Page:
It's Tuesday, July 10, 2018. Here are some of the stories we're talking about on ABC News' new daily podcast, "Start Here."
1. Trump picks Kavanaugh
In a prime-time announcement Monday at the White House, President Donald Trump selected Judge Brett Kavanaugh as his Supreme Court nominee. Most Democrats will oppose the pick based on his conservative background, but some Republicans may take issue with the D.C. Circuit Court judge's history.
ABC News' Terry Moran, who covers the Supreme Court, walks us through the challenges Kavanaugh will face from the left and the right.
"Start Here" is a daily ABC News podcast hosted by Brad Mielke featuring original reporting on stories that are driving the national conversation. Listen for FREE on the ABC News app, Apple Podcasts, TuneIn, Spotify, Stitcher, Google Play Music, iHeartRadio -- or ask Alexa: "Play 'Start Here.'"
2. Immigration deadline difficulty
About 100 small children younger than 5 years old who allegedly crossed the border illegally are supposed to be back with their families today as part of a federal court ruling.
But the government has said that deadline is impossible, and that barely half of the children will see their families Tuesday. The American Civil Liberties Union, who brought the lawsuit that led to the order, has said normal protocols need to be adjusted to get these families together, fast.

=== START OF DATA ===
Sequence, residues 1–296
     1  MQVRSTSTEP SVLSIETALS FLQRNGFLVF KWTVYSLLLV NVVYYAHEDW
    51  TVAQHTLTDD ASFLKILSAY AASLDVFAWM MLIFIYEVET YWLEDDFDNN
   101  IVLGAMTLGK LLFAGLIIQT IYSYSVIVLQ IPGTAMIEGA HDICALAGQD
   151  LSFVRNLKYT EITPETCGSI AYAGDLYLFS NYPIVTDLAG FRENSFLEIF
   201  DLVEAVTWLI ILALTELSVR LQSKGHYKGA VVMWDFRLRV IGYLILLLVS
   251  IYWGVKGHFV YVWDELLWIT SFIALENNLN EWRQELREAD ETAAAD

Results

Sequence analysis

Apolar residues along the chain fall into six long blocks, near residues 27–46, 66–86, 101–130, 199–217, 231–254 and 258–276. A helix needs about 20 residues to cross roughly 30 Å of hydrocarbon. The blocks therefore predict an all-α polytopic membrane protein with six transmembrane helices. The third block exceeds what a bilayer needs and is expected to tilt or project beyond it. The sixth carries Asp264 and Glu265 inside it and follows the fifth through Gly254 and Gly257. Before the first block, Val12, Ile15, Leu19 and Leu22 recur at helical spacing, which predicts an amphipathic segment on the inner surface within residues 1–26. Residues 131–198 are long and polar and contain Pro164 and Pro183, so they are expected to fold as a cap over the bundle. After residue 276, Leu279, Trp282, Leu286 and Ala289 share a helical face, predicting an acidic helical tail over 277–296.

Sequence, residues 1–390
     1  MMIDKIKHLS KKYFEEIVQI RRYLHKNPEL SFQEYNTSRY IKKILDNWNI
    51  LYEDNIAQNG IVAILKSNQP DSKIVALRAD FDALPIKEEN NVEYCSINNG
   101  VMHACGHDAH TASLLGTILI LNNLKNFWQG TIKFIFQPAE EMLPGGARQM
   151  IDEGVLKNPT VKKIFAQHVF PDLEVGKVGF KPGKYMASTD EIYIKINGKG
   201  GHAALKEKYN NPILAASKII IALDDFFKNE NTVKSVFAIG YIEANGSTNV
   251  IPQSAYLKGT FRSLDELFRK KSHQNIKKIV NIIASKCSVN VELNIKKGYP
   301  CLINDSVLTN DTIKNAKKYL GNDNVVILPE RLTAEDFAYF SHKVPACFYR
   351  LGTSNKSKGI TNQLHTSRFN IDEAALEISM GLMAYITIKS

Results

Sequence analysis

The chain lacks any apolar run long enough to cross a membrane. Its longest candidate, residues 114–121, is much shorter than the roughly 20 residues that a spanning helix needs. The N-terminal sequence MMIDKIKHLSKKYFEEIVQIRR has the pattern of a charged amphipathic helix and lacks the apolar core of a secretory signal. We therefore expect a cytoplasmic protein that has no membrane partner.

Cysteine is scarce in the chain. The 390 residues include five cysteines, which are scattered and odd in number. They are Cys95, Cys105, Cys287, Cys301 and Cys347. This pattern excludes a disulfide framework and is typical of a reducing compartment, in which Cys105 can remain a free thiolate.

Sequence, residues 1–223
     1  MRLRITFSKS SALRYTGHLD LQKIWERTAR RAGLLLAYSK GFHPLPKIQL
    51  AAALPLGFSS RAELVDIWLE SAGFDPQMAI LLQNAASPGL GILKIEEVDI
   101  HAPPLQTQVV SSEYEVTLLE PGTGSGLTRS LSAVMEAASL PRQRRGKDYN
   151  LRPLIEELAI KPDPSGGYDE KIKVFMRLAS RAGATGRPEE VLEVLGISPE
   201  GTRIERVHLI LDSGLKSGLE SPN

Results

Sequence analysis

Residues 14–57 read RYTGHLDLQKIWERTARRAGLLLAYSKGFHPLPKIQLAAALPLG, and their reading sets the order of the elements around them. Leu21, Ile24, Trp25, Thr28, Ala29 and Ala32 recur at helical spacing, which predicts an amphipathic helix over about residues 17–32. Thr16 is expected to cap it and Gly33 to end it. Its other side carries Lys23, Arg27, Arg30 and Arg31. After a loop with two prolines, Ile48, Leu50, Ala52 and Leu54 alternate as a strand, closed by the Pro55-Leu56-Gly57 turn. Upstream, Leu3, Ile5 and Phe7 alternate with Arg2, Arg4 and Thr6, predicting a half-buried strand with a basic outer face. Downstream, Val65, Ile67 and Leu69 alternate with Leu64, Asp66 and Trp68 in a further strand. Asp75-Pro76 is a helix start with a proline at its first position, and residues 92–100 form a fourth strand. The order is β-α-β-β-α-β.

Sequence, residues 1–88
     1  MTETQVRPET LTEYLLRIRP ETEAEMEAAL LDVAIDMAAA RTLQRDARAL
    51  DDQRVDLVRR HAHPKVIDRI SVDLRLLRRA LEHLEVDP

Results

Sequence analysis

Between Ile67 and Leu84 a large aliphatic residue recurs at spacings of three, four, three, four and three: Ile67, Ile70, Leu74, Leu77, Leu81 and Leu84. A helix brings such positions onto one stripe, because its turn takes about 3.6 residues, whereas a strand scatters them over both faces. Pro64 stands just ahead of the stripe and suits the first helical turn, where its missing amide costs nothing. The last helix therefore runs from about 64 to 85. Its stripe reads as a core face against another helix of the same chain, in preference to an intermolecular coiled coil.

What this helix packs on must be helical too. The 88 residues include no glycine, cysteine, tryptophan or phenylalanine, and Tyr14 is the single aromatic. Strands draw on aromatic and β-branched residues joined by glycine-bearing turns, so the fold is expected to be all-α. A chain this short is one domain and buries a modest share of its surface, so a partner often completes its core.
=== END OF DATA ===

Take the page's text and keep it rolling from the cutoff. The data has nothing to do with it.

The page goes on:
We speak with Pamela Florian, an attorney who has worked with these children as a lawyer with the Florence Immigrant and Refugee Rights Project in Phoenix.
3. Battle of Brexit
As Trump sets off for Europe today to attend the NATO summit, British Prime Minister Theresa May is seeing her government crumble before her eyes. In one day, she was faced with two major resignations: Brexit Secretary David Davis and Foreign Secretary Boris Johnson.
Hard-line Brexit campaigners are unhappy with her latest proposal for the U.K.'s future relationship with the European Union. Marcus Wilford, ABC News' Director of International News, tells us whether Brexit is still happening and if May will have to resign.
4. Burned-out doctors
A new study from the Institute of Medicine finds that more than half of doctors are burned out. They're exhausted, they're emotionally worn out and in some cases they're depressed.
Now, this was a survey where doctors were self-reporting about themselves, but it was the largest and most comprehensive of its kind.
ABC News Chief Medical Correspondent Dr. Jennifer Ashton tells us doctors these days are not being trained on how to work safely on little sleep.